scorecardresearch
Follow Us:
Thursday, April 15, 2021

RBI sets up 5-member panel to screen new bank licences

“The Standing External Advisory Committee (SEAC) comprising eminent persons with experience in banking, financial sector and other relevant areas, will evaluate the applications thereafter. The tenure of this SEAC will be for three years,” the RBI said.

By: ENS Economic Bureau | Mumbai |
March 23, 2021 3:01:41 am
An internal working group of the RBI, last year, proposed an overhaul of the licensing policy for private banks and suggested allowing large corporate and industrial houses to float banks in India after suitable amendments to the Banking Regulation Act.

The Reserve Bank of India (RBI) has set up a five-member committee, headed by former RBI Deputy Governor Shyamala Gopinath, for evaluating applications for universal banks and small finance banks.

The other members of the panel — Standing External Advisory Committee (SEAC) — include RBI Central Board Director Revathy Iyer, National Payments Corporation of India Chairman B Mahapatra, former Canara Bank Chairman T N Manoharan and former Pension Fund Regulatory and Development Authority Chairman Hemant Contractor.

“The Standing External Advisory Committee (SEAC) comprising eminent persons with experience in banking, financial sector and other relevant areas, will evaluate the applications thereafter. The tenure of this SEAC will be for three years,” the RBI said.

An internal working group of the RBI, last year, proposed an overhaul of the licensing policy for private banks and suggested allowing large corporate and industrial houses to float banks in India after suitable amendments to the Banking Regulation Act. Although several large corporate houses had applied for a banking licence in the past, the regulator had rejected these proposals.

However, the RBI has not yet approved or rejected the recommendations of the working group. Former RBI Governor Raghuram Rajan and ex-Deputy Governor Viral Acharya have criticised the proposal to allow corporate houses to float banking entities, saying it will lead to “connected lending” which, according to them, is “invariably disastrous”.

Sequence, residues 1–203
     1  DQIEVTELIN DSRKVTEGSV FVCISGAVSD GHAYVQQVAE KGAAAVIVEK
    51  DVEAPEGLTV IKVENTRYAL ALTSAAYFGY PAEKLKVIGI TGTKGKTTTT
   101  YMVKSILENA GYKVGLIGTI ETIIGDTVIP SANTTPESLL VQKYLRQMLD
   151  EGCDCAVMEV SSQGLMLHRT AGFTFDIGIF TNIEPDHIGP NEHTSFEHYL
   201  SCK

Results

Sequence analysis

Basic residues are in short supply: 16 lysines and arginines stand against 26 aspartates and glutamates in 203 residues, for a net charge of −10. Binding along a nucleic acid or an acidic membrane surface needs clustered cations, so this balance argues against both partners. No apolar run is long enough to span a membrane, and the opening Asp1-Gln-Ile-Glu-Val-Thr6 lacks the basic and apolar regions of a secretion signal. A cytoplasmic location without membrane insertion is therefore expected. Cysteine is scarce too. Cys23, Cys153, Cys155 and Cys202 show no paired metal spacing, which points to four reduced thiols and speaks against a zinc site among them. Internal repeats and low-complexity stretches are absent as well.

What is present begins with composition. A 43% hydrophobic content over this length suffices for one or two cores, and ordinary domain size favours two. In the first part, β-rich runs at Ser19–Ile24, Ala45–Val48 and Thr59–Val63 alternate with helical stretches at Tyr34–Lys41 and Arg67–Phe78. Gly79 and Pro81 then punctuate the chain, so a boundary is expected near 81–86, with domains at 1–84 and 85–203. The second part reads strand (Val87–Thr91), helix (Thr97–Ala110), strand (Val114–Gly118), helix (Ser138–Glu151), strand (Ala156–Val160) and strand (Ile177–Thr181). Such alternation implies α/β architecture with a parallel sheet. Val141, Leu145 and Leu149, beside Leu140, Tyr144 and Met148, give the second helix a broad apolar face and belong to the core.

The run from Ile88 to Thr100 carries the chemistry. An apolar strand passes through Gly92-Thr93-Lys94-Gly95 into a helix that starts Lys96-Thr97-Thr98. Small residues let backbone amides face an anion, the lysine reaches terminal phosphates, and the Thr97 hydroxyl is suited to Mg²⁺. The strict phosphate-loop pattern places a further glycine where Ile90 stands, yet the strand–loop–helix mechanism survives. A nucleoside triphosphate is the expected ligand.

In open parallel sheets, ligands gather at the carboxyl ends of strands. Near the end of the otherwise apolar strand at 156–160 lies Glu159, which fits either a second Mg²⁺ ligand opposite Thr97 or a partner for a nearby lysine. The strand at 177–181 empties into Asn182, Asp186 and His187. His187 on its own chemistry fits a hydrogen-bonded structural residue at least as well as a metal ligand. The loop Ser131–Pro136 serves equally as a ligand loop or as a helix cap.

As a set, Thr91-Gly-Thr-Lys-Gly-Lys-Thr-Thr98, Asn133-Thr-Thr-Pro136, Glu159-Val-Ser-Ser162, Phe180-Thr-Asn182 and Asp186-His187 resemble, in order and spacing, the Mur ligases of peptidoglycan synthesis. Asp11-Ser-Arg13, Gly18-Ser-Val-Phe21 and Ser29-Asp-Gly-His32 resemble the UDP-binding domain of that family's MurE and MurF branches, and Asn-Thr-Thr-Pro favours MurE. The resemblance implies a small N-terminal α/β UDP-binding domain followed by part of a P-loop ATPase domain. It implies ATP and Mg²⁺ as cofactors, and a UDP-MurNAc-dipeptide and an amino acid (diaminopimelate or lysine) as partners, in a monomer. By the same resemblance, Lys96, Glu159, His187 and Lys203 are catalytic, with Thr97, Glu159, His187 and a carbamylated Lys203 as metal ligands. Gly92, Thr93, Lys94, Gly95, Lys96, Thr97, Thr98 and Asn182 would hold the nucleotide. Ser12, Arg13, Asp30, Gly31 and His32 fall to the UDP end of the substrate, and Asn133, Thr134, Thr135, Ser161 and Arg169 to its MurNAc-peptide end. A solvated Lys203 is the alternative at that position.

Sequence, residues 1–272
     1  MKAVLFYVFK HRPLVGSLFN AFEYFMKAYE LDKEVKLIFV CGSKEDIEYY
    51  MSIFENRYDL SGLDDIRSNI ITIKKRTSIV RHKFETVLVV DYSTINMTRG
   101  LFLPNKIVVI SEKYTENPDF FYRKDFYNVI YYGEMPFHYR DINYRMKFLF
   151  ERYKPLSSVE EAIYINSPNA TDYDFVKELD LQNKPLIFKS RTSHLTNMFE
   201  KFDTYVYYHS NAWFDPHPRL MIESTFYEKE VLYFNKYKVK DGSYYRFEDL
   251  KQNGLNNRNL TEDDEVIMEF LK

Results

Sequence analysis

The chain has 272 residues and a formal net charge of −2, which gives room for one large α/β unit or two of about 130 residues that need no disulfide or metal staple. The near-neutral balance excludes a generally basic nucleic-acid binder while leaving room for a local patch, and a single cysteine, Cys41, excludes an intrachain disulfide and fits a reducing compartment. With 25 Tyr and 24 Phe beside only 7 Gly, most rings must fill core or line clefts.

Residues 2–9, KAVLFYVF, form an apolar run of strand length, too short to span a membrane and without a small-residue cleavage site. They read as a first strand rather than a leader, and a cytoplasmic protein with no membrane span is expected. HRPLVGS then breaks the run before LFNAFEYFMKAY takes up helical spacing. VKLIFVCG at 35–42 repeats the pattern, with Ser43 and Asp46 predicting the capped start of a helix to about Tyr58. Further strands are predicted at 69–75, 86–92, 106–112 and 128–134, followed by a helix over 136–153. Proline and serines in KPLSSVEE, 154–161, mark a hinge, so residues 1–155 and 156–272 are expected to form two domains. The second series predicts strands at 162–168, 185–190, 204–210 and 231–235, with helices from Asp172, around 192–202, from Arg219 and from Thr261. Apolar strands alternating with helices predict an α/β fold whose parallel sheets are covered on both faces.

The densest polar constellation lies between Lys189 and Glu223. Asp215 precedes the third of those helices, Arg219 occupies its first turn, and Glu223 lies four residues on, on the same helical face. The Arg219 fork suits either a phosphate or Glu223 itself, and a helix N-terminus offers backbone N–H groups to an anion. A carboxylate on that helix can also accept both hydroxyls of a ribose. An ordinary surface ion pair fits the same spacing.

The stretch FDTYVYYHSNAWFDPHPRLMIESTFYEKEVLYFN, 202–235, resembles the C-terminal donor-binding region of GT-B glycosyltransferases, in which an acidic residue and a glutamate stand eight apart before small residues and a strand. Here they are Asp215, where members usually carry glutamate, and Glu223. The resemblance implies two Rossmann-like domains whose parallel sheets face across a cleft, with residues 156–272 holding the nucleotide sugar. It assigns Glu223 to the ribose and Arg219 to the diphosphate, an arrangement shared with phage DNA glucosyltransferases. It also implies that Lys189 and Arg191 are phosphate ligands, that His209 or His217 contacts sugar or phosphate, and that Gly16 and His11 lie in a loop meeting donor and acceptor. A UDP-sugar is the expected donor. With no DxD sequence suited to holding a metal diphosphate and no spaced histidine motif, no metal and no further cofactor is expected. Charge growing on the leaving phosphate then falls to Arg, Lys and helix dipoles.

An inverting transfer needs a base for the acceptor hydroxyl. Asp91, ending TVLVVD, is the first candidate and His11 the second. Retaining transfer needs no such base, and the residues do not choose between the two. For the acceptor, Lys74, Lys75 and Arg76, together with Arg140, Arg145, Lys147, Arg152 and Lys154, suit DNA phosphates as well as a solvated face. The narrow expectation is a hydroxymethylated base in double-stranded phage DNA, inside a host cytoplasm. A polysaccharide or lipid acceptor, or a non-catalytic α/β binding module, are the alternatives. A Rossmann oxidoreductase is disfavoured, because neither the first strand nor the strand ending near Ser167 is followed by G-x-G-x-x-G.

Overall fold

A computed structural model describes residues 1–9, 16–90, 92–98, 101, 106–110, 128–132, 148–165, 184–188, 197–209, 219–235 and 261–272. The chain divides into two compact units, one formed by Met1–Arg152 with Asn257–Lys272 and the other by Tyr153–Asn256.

According to the guidelines on on-tap licensing of universal banks issued in August 2016, resident individuals and professionals having 10 years of experience in banking and finance at a senior level are also eligible to promote universal banks. However, large industrial houses are excluded as eligible entities but are permitted to invest in the banks up to 10 per cent.

Explained

Amid plan to overhaul policy

An internal working group of the RBI, last year, proposed an overhaul of licensing policy for private banks and suggested allowing large corporate and industrial houses to float banks in India after suitable amendments to the Banking Regulation Act.

A non-operative financial holding company (NOFHC) has been made non-mandatory in case of promoters being individuals or standalone promoting/converting entities who/which do not have other group entities. Not less than 51 per cent of total paid-up equity capital of the NOFHC should be owned by the promoter/ promoter group, instead being wholly owned by the promoter group. The RBI guidelines say existing specialised activities have been permitted to be continued from a separate entity proposed to be held under the NOFHC subject to prior approval from the RBI and subject to it being ensured that similar activities are not conducted through the bank as well. The initial minimum paid-up voting equity capital for a bank will Rs 500 crore. Thereafter, the bank should have a minimum net worth of Rs 500 crore at all times.

The promoters or the NOFHC should hold a minimum of 40 per cent of the paid-up voting equity capital of the bank, which should be locked-in for five years from the date of commencement of business of the bank. The promoter group shareholding shall be brought down to 15 per cent within a period of 15 years from the date of commencement of business of the bank.

Centre to borrow Rs 20,000 crore ess this fiscal

New Delhi: The government has decided to cancel its Rs 20,000 crore borrowing scheduled for March 26 on review of position of cash balance, the Reserve Bank of India (RBI) said on Monday. This means, the government would be borrowing Rs 20,000 crore less than its target of Rs 12.8 lakh crore announced in the Budget on February 1 for the current fiscal.

As per the revised Issuance Calendar issued on February 1, 2021 for Government of India Dated Securities, the next auction is scheduled to be held on March 26, 2021. “On review of position of cash balance, the Government of India has decided to cancel the above scheduled auction,” the central bank said in a statement.

The government raises money from the market to fund its fiscal deficit through dated securities and treasury bills. —With PTI Inputs

📣 The Indian Express is now on Telegram. Click here to join our channel (@indianexpress) and stay updated with the latest headlines

For all the latest Business News, download Indian Express App.

  • The Indian Express website has been rated GREEN for its credibility and trustworthiness by Newsguard, a global service that rates news sources for their journalistic standards.
Advertisement
Advertisement
Advertisement
Advertisement
x